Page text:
Τρίτη, 28 Δεκεμβρίου 2010

The Gnostic Religion by Hans Jonas

The Gnostic Religion: The Message of the Alien God & the Beginnings of Christianity
(Boston: Beacon Press, 1958) ISBN 0-8070-5801-7

Hans Jonas (10 May 1903 – 5 February 1993) was a German-born philosopher who was, from 1955 to 1976, Alvin Johnson Professor of Philosophy at the New School for Social Research in New York City.
Jonas's writings were very influential in different spheres. For example, The Gnostic Religion, first published in 1958, was for many years the standard work in English on the subject of Gnosticism.

Fragments :


Turning to Gnosticism in particular, we ask what the name means, where the movement originated, and what literary evidence it left. The name "Gnosticism," which has come to serve as a collective heading for a manifoldness of sectarian doctrines appearing within and around Christianity during its critical first centuries, is derived from gnosis, the Greek word for "knowledge." The emphasis on knowledge as the means for the attainment of salvation, or even as the form of salvation itself, and the claim to the possession of this knowledge in one's own articulate doctrine, are common features of the numerous sects in which the gnostic movement historically expressed itself. Actually there were only a few groups whose members expressly called themselves Gnostics, "the Knowing ones"; but already Irenaeus, in the title of his work, used the name "gnosis" (with the addition "falsely so called") to cover all those sects that shared with them that emphasis and certain other characteristics.
In this sense we can speak of gnostic schools, sects, and cults, of gnostic writings and teachings, of gnostic myths and speculations,even of gnostic religion in general.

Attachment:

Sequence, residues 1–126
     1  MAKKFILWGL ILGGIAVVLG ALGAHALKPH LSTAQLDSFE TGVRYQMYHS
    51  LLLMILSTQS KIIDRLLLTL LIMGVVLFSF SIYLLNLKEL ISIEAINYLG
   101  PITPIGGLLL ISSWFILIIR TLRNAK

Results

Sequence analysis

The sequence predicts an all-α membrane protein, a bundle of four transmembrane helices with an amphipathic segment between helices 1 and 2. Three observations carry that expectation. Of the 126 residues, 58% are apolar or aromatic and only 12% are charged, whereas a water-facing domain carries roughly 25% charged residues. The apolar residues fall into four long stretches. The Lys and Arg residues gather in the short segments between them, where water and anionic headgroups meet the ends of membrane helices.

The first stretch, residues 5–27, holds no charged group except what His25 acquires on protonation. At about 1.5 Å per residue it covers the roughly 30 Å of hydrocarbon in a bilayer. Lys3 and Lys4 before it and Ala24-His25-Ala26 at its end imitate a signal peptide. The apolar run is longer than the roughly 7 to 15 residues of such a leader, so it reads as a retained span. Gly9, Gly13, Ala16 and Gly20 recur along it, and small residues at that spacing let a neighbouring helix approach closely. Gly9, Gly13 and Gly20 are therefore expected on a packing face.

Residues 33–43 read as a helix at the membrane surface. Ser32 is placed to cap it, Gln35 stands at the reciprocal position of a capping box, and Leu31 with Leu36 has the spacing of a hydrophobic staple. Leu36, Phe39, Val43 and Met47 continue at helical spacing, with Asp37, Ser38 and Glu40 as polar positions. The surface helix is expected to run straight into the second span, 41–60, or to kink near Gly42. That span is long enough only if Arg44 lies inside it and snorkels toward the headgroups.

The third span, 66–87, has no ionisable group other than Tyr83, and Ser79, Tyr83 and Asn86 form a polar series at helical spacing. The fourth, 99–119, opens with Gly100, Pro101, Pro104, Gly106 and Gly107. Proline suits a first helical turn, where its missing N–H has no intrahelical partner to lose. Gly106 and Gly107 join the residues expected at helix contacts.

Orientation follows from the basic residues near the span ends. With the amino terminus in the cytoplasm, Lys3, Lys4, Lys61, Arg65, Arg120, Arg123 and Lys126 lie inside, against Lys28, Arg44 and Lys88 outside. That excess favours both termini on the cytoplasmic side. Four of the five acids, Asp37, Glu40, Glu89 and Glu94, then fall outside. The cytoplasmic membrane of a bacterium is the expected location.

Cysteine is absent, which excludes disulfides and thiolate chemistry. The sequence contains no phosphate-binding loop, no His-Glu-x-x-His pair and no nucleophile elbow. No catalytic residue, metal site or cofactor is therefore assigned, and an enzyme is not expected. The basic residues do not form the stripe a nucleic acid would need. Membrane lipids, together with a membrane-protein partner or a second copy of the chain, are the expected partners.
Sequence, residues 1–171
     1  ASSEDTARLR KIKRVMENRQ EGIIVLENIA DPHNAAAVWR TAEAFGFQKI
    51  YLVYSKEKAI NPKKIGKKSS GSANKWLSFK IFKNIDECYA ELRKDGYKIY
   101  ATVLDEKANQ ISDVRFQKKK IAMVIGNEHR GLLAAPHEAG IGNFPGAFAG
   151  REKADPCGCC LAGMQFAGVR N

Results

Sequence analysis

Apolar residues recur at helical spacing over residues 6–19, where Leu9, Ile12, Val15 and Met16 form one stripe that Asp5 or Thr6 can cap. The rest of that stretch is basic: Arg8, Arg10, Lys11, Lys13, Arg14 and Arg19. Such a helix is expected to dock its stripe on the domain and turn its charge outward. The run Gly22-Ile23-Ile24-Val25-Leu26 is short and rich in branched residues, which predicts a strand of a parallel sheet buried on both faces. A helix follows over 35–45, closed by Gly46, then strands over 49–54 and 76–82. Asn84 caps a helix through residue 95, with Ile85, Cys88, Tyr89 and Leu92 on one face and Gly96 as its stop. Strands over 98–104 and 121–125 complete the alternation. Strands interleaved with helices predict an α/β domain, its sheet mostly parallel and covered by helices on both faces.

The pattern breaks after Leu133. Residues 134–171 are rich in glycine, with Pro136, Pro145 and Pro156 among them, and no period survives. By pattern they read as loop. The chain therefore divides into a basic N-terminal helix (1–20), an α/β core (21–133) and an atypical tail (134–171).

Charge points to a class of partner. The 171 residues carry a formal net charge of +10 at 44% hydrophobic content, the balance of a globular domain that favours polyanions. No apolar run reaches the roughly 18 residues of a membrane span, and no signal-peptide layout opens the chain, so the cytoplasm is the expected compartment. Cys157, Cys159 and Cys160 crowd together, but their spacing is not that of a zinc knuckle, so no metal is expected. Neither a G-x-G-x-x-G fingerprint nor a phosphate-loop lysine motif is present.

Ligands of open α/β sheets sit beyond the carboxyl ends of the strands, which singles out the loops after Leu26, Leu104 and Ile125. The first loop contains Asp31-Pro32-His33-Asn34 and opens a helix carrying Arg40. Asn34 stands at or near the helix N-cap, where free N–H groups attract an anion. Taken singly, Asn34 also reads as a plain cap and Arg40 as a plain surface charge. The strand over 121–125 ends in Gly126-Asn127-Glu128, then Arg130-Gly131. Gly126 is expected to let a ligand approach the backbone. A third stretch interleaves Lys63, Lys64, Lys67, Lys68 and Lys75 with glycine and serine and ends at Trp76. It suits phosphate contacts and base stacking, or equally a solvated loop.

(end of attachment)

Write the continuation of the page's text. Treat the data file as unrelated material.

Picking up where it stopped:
Asking next the question where or from what historical tradition Gnosticism originated, we are confronted with an old crux of historical speculation: the most conflicting theories have been advanced in the course of time and are still in the field today. The early Church Fathers, and independently of them Plotinus, emphasized the influence upon a Christian thinking not yet firmly consolidated of Plato and of misunderstood Hellenic philosophy in general.
Modern scholars have advanced in turn Hellenic, Babylonian, Egyptian,and Iranian origins and every possible combination of these with one another and with Jewish and Christian elements. Since in the material of its representation Gnosticism actually is a product of syncretism, each of these theories can be supported from the sources and none of them is satisfactory alone; but neither is the combination of all of them, which would make Gnosticism out to be a mere mosaic of these elements and so miss its autonomous essence.


"Knowledge" is by itself a purely formal term and does not specify what is to be known; neither does it specify the psychological manner and subjective significance of possessing knowledge or the ways in which it is acquired.In the gnostic context, however, "knowledge" has an emphatically religious or supranatural meaning and refers to objects which we nowadays should call those of faith rather than of reason.